The quantum theory of radiation.

London: Taylor & Francis, 1924.

First edition of this celebrated paper. Its idea of modeling atomic behaviour under incident electromagnetic radiation using ‘virtual oscillators’ led Born and Heisenberg to explore mathematics that strongly inspired the subsequent development of matrix mechanics. The most striking feature of this remarkable paper, “The Quantum Theory of Radiation,” was the renunciation of the classical form of causality in favor of a purely statistical description. Even the distribution of energy and momentum between the radiation field and the “virtual oscillators” constituting the atomic systems was assumed to be statistical, the conservation laws being fulfilled only on the average” (DSB). Rare in original printed wrappers.

Following the discovery of the Compton effect late in 1922, many physicists had tried to account for the frequency shift of the scattered X-rays observed by Compton. Some found it difficult to accept Compton’s explanation in terms of light quanta (photons) with definite energy and momenta. Bohr, in particular, could not accept the existence of photons, writing in his Nobel lecture in December 1922, “In spite of its heuristic value,… the hypothesis of light-quanta, which is quite irreconcilable with so-called interference phenomena, is not able to throw light on the nature of radiation.” When the young American physicist John Slater arrived in Copenhagen just before Christmas 1923, and explained his new ideas on radiation theory, Bohr saw a way to explain the Compton effect without invoking light quanta.

“BKS begin by recalling that ‘the exchange of energy and momentum between matter and radiation claims essentially discontinuous features. These have even […] led to the introduction of light-quanta…’ They abandon light-quanta in their own paper, replacing this concept by a new one ‘due to Slater … the atom, even before the process of transition between stationary states takes place is capable of communicating with distant atoms through a virtual radiation field’, a field distinct from the conventional, real radiation field. This virtual field, carried by the atom in a given stationary state, was supposed to know and carry all the possible transition frequencies to lower states, one might say, to release one of these frequencies. Emission of light in an atomic transition is, BKS posited, not spontaneous but rather induced by the virtual fields ‘by probability laws analogous to those which in Einstein’s theory hold for induced transitions’. Accordingly, ‘the atom is under no necessity of knowing what transition it is going to make ahead of time’.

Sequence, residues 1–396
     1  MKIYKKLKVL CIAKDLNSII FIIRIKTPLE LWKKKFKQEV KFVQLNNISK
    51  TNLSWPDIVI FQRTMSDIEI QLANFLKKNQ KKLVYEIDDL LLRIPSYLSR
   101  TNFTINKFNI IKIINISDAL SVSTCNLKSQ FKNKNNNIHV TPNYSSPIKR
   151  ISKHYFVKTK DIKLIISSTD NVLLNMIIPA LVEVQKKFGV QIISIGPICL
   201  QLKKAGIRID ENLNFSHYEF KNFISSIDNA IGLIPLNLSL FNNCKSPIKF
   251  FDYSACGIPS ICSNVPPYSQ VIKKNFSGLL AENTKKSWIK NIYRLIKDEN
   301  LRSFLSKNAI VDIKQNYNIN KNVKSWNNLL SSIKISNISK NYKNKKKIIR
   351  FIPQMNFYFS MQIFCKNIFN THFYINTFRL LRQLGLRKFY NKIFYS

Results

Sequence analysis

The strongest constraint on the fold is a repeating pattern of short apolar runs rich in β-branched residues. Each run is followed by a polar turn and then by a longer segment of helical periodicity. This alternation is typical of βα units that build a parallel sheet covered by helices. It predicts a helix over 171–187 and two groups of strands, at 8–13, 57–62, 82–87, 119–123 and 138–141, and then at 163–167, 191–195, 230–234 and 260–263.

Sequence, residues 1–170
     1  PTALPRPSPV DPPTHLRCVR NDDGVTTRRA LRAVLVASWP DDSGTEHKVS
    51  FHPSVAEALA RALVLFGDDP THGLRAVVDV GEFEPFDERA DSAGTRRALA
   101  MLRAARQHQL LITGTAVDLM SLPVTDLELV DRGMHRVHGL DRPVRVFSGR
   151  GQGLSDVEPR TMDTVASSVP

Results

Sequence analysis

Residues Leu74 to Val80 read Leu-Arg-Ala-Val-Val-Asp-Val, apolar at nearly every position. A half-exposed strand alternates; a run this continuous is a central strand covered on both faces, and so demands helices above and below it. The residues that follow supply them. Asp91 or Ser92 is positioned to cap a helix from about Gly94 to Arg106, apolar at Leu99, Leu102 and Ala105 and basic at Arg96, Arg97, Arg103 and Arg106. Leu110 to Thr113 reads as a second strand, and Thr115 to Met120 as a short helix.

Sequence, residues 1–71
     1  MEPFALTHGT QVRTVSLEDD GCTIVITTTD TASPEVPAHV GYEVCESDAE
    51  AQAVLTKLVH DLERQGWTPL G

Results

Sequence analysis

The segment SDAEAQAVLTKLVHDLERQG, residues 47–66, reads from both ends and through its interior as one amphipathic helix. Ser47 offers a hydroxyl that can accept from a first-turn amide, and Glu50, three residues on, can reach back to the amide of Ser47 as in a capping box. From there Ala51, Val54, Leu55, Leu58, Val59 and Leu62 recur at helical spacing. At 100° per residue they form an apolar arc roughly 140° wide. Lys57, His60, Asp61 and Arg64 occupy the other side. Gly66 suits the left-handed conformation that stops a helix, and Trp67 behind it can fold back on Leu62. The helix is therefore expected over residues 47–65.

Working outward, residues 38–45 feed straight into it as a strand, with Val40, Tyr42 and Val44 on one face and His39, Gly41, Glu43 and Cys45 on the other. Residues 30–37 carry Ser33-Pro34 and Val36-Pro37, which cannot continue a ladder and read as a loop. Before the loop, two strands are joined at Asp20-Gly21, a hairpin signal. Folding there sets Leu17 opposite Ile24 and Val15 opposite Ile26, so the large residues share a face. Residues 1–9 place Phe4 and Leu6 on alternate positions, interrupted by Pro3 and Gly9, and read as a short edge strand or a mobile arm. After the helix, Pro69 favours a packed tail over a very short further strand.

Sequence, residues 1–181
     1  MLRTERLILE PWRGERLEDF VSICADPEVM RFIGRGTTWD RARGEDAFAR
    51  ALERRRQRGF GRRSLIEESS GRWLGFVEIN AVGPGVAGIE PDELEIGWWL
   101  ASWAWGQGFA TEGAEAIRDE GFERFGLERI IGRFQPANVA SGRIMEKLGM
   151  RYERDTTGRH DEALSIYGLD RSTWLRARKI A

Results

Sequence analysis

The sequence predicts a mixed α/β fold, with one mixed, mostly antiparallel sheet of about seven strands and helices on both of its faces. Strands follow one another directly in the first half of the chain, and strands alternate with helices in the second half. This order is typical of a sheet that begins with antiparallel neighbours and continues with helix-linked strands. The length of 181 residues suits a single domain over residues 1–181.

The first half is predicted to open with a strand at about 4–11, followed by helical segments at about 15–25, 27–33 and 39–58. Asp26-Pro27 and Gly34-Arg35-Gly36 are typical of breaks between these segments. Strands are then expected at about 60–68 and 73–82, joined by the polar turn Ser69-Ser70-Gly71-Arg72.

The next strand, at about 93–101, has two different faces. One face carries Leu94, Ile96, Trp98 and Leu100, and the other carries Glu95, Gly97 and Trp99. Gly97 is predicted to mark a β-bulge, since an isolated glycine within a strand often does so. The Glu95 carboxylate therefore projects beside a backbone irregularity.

“Does communication with a distant atom, the receipt of a light signal emitted by another atom ‘even before transition takes place’ not violate causality? It does. ‘We abandon any attempt at a causal connection between the transition in distant atoms, and especially a direct application of the principles of conservation of energy and momentum, so characteristic of classical theories … Not only conservation of energy … but also conservation of momentum [reduce to] a statistical law.’ Regarding Compton’s results, BKS noted, correctly, that so far his experiments had only confirmed energy-momentum conservation averaged over many individual processes, which was not in conflict with their statistical viewpoint” (Pais, Niels Bohr’s Times, pp. 236-7).

Einstein and Pauli both reacted negatively to the BKS proposal, and “the paper was hardly in print before A. H. Compton and A. W. Simon had established by direct experiment the strict conservation of energy and momentum in an individual process of interaction between atom and radiation. Nevertheless, this short-lived attempt exerted a profound influence on the course of events; what remained after its failure was the conviction that the classical mode of description of the atomic processes had to be entirely relinquished” (DSB II, p. 247).

The BKS paper was printed simultaneously in German as ‘Über die Quantentheorie der Strahlung’ in Zeitschrift für Physik, Bd. 24 (1924), pp. 69-87.

Pp. 785-802 in Philosophical Magazine, Sixth Series, Vol. 47, No. 281, May 1924. 8vo (221 x 145 mm), pp. [ii], 785-1056, with two plates (numbered VI and VII). Original printed wrappers, some chipping and wear to capitals and corners.

Item #3514

Price: $1,850.00

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